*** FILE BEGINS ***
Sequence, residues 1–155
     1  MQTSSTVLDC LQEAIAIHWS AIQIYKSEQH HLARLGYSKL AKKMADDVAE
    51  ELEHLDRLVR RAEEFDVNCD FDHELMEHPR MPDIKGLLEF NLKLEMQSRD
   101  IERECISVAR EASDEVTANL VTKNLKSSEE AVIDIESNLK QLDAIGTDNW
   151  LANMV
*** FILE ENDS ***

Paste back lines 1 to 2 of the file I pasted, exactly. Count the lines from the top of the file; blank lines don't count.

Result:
Sequence, residues 1–155
     1  MQTSSTVLDC LQEAIAIHWS AIQIYKSEQH HLARLGYSKL AKKMADDVAE